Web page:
With the trumpets of Vega and Marriott is the young master George Colligan on the Hammond B-3—working those bass pedals like Bach on crack—and the always extraordinary Matt Jorgensen on drums. Thomas Marriott produced the album, recorded at Orbit Studios.
Curtis Fuller’s The Egyptian sets the album in motion with Matt Jorgensen’s fine drum work. Listen for the cool nod-and-a-wink to Art Blakey. George Colligan climbs aboard with the B-3 before the twin trumpets join in. Oh, man. You’re hooked only a few bars into the album.
Marriot gets the first solo with his fluid proficiency and liquid fire. George Colligan again proves himself master of all things with keys. Well-known for his piano work, his performances on the other keyboards have been proven again and again and this album is no different. Vega takes the third solo and cranks up the already-existing excitement. Jorgensen locks down the rhythm with Colligan while the horns play off of each other energetically. Great playing.
Totem Pole by Lee Morgan is riddled with great riffs and sweet spots for solos. Vega goes first and the differences between him and Marriott begin to take shape. Differences in tonality and phrasing make them so well-suited to each other. After all, who wants pure duplication? No, this is dialogue and debate with Colligan playing the moderator and Jorgensen the referee. Then, when they play in unison…Good God, ya’ll. Can’t get enough.
Then comes Erroll Garner’s Misty. They did this one right…like all the others. Vega plays the muted horn while Marriott takes the open trumpet. The dynamic is sweet between and then Colligan works in the organ in vibrant fashion before the return of Marriott’s trumpet. Vega takes over on muted trumpet before handing off the close to Colligan. So well-arranged. Such smoky delivery.
United by Wayne Shorter is kicked off by Vega and Marriott in tandem. Colligan and Jorgensen jump in and then let the trades begin! Vega goes first, followed by Marriott. By this time, you can begin to tell who’s who by their distinctive playing. Jorgensen does capture the attention along the way. Plus, Colligan being the drummer that he is, he plays with plenty of room for Jorgensen’s drumming. There is space allowed but there is absolutely no wasted space between these artists. The tandem trumpets take the piece to close with palmas escorting them out.
Cedar Walton’s Firm Roots has a cool groove and a good melodic hook to it. Again the pair of horns start the piece off and set the hook. Vega’s solo is just so fine. Colligan takes over with the pounding bass lines and sizzling keys. Marriott solos next and you just have to love the guy’s fluid style. Jorgensen gets a smoking solo, punctuated by stabs from Colligan, and the dynamic between the two of them is just as electrifying as anything else. So help me, I almost clapped at the end of Jorgensen’s solo.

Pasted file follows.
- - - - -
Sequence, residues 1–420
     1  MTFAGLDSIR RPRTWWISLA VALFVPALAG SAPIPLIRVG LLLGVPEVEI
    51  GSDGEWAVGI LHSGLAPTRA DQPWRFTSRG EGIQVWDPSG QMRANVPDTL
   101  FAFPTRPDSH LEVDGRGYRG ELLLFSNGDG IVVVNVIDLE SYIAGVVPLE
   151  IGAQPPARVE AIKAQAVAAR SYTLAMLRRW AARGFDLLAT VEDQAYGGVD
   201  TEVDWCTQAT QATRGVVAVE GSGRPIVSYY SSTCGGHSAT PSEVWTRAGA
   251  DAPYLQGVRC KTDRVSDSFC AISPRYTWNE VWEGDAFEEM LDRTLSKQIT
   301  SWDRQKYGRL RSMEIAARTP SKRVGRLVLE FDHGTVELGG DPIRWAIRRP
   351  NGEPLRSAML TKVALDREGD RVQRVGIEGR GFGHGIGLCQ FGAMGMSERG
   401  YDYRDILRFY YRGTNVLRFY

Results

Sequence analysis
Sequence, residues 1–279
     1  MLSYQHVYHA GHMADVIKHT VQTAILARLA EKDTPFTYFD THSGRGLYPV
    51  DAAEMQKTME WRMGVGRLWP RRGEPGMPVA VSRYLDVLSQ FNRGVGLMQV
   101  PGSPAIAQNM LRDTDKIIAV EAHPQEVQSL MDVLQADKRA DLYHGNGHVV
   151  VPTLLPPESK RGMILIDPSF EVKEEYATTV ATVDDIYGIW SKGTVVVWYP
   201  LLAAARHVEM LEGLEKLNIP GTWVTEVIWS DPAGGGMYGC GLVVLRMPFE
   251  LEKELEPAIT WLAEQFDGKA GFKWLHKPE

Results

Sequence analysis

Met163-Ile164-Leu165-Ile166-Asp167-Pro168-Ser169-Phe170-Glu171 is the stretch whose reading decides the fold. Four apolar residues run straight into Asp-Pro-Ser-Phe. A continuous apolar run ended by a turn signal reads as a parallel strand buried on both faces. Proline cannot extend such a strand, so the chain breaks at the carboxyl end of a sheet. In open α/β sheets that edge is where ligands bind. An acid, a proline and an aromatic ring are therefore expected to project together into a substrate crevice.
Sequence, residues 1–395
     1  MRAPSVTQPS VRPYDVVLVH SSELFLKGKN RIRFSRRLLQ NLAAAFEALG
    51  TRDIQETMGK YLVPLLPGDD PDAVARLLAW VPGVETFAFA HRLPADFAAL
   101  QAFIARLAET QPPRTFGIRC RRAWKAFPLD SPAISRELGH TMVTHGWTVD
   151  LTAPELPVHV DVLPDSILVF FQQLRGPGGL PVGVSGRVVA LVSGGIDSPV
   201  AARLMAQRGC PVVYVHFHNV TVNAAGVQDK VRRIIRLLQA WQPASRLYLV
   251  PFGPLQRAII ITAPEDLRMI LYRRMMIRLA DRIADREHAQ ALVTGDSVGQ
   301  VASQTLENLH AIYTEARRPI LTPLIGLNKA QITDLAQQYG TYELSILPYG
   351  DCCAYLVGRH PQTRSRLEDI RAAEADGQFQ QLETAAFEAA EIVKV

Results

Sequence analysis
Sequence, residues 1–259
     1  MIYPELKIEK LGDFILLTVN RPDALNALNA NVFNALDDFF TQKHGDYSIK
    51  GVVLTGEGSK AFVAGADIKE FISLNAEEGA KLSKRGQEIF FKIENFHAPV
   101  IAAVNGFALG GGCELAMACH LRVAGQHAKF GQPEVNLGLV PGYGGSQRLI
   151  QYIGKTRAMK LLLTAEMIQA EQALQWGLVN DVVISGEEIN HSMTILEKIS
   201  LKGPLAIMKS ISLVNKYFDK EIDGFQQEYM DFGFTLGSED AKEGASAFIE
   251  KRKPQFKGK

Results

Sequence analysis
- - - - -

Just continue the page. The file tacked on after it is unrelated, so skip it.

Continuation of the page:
An original from Marriott follows with The Bourgeoloo (a.k.a. At the Summit). “This mother smokes,” as my cousin used to exclaim. The tight B-3/drums opening sets a bright pace and the trumpets join in just as tightly with them. Vega solos with flugelhorn over the snapping rim shots and the bass pedals. What a sound. Colligan follows him in one of his most memorable organ solo passes. Inspired, Marriott takes it all and creates one of his very own gorgeous solos. This track was the one I kept coming back to again and again.
Charlie Parker’s Quasimodo comes after. The approach was a fascinating one as both trumpets are muted but Vega plays with the Harmon mute and Marriott with the cupped mute. Yeah, you can hear the difference. This is how they open the all-so-familiar piece. George Colligan comes over with the organ solo and the walking bass pedals. Again, listen to Jorgensen below.
Marriott returns with open trumpet and does his magic, Freddie Hubbard-style. He is followed by Vega, who remains muted. The interplay of these two (include Colligan for three) is truly remarkable. It is entirely satisfying.
The album closes with the brilliant arrangement of Cole Porter’s What Is This Thing Called Love. Colligan jumps starts the piece with Jorgensen swinging away. The trumpets punch their way in and Vega takes the first solo with the flugelhorn. That tonal difference is all the difference. Then Marriott’s trumpet bursts forth in trade with Jorgensen’s drums. The whole group carries it to the end. I like it.
Ray Vega and Thomas Marriott’s Return of the East-West Summit is a fine exercise in trumpet tone and technique, proficiency and passion. The inclusion of George Colligan and Matt Jorgensen was a master-stroke. If you love trumpets, you will love this album. If you don’t, you will still love this album. Listen to it, again and again. Wear the CD out. Then sit and wait for Bride of the East-West Trumpet Summit. Yeah, it’s that good.
~Travis Rogers, Jr. is The Jazz Owl